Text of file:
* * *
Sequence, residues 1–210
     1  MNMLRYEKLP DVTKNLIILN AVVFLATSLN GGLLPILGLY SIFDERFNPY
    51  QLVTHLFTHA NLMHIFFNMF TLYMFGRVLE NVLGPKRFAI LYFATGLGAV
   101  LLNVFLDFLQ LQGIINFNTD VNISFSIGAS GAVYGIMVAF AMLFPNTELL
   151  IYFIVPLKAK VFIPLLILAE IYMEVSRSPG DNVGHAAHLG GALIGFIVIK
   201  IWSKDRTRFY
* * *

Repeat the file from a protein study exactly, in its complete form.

Sequence, residues 1–210
     1  MNMLRYEKLP DVTKNLIILN AVVFLATSLN GGLLPILGLY SIFDERFNPY
    51  QLVTHLFTHA NLMHIFFNMF TLYMFGRVLE NVLGPKRFAI LYFATGLGAV
   101  LLNVFLDFLQ LQGIINFNTD VNISFSIGAS GAVYGIMVAF AMLFPNTELL
   151  IYFIVPLKAK VFIPLLILAE IYMEVSRSPG DNVGHAAHLG GALIGFIVIK
   201  IWSKDRTRFY